Why Crystal Palace won’t be the last Premier League side Huddersfield embarrass this season


When David Wagner’s Huddersfield Town won promotion last May they instantaneously became favourites to finish rock bottom of the Premier League. Following a run of 10 points from their final 10 Championship matches – which left them on a -2 goal difference for the season and a strike-rate of 1.2 goals per game – Huddersfield won the playoffs courtesy of three dull draws and two penalty wins. The Terriers looked doomed before a ball had been kicked.

But within 90 minutes of the new Premier League season those gloomy predictions were emphatically cast aside as Huddersfield outthought and outclassed a Crystal Palace side coached by one of the most intelligent young managers in the division. Their 3-0 win at Selhurst Park was no fluke; it was a tactical victory that hinted at a bright future for Wagner’s side and, more importantly, suggested that the German’s brand of gegenpressing football is in fact better suited to the Premier League than the Championship, where tactics are wilder and the campaign more gruelling.

Crystal Palace are mid-revolution; it certainly helped the visitors that De Boer’s fluid short-passing philosophy is still uncomfortable for players used to years of deep-lying, counter-attacking football. But Palace’s attempts at playing a measured possession game symbolised the tactical chasm between England’s top two divisions; whereas Huddersfield’s frantic high-pressing system is inevitably a slog in the fierce-but-clumsy Championship, the Premier League’s high-concept approach to tactics gives Wagner breathing space.


And the former Dortmund coach’s tactical plan was perfectly executed on Saturday. Famously a disciple of Jurgen Klopp, many expected Wagner to intensely press the Palace defence in order to unsettle their passing rhythm, but instead Huddersfield cleverly backed off. De Boer’s back three were afforded plenty of time on the ball, while Aaron Mooy and Philip Billing clamped down on Palace’s Jason Puncheon and Ruben Loftus-Cheek.

Desperate to impress their new manager, Palace’s defenders continually attempted to pass through the Huddersfield team even though their midfielders were tightly marked, resulting in constant turnovers as Mooy and Billing stamped their authority on the game. It also meant that Huddersfield weren’t too high up the pitch overall, minimising the amount of space in behind for Wilfried Zaha (who, forced to come short, was easily squeezed out).

Mooy and Billing in particular were extremely impressive, not just in the pincer midfield press but collecting second balls and cutting vertical passes through to striker Steve Mounie. These two were first to everything, bravely pushing forward to cut off Palace’s passing lines and dictate the tempo in south London. It was largely thanks to these two players that the Terriers recorded more tackles (28) and more fouls (19) than any other Premier League team on the opening weekend.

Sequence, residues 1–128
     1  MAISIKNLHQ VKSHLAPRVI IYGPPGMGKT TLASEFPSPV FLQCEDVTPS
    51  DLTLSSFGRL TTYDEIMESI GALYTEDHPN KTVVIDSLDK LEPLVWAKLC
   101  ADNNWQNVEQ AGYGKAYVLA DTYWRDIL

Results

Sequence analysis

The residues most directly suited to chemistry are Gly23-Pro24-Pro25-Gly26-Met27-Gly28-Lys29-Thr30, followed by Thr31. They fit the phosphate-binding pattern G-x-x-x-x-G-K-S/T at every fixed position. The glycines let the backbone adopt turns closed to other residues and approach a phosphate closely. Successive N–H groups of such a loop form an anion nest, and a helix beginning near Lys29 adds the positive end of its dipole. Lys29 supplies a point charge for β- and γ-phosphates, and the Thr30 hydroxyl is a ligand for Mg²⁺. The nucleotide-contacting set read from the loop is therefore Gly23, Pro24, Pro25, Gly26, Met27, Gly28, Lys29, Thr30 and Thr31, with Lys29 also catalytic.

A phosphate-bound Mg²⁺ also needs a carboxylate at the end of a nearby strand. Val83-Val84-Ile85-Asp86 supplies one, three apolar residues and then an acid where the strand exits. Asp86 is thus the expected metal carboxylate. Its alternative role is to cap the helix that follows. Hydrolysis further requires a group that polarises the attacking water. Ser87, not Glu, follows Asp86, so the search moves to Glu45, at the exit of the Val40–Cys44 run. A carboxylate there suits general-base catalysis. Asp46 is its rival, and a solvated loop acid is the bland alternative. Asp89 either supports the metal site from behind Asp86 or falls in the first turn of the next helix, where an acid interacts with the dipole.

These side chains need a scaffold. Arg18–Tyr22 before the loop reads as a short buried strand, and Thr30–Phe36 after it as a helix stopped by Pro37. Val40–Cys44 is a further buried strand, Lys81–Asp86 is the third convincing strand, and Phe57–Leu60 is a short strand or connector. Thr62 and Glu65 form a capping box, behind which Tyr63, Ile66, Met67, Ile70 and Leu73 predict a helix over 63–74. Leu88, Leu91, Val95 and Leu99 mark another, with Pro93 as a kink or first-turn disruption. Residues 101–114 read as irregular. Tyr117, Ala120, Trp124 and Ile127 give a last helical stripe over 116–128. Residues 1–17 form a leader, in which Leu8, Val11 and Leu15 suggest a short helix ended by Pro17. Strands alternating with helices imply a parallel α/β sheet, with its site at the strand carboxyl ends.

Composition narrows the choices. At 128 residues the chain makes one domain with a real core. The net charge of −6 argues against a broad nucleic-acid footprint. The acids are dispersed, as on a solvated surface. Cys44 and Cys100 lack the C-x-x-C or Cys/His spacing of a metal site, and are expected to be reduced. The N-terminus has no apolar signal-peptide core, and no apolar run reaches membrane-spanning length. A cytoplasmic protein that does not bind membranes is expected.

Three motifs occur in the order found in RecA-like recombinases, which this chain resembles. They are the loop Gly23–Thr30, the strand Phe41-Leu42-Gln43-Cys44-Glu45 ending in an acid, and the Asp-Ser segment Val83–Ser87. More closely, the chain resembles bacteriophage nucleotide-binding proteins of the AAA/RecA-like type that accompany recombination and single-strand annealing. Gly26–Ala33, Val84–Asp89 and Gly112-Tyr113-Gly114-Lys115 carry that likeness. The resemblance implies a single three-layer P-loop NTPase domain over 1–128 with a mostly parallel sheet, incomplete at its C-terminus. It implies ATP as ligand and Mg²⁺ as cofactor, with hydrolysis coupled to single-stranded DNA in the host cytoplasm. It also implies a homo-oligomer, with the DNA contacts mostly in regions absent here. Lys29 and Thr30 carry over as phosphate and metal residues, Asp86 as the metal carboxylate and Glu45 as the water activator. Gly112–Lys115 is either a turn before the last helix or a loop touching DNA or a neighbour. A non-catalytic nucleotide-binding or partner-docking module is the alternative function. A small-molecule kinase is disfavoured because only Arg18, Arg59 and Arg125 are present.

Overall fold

Mooy was also impressive going forward, setting up the first two Huddersfield goals with excellent crosses, but the £8million signing from Manchester City wasn’t the only reason Huddersfield fans can be optimistic about the year ahead. The weaving runs of Tom Ince and Kasey Palmer suggest they will benefit greatly from a high-pressing philosophy, which is decidedly more influential in a division of high back lines and short-passing defences; when Mooy won the ball from Palace’s centre-backs, both Ince and Palmer made threatening runs that stretched the game.


The same can be said for Mounie, an £11 million summer signing from Montpellier who scored two impressive goals on his debut. The Benin international was menacing throughout the 90 minutes, showing great athleticism and pace whenever Huddersfield charged forward. Wagner’s system requires an agile centre-forward in Mounie’s mould, and his two emphatic finishes suggest Huddersfield will not struggle to score as they did last season.

Sometimes getting out of the Championship is actually harder than excelling in the Premier League, as Swansea City, Southampton, and Bournemouth have all shown in recent years. Significantly, all three of these teams played an expansive and high-pressing system during their promotion campaigns; Wagner’s model of aggressively closing down and counter-attacking the open spaces will work better against teams with possession-centric pretensions than it did in the Championship, where long balls dominate the war of attrition - and thus nullify the gegenpressing approach.

Huddersfield, then, could be the surprise package of 2017/18, stunning the division like Swansea, Southampton, Bournemouth and Wigan Athletic before them, while a kind fixture list (six of their next seven league games are against teams that finished 11th or lower last season) only strengthens their position. Crystal Palace won’t be the last side Wagner’s nippy, well-organised young team embarrass this year. Huddersfield can look forward to a fun and successful debut campaign.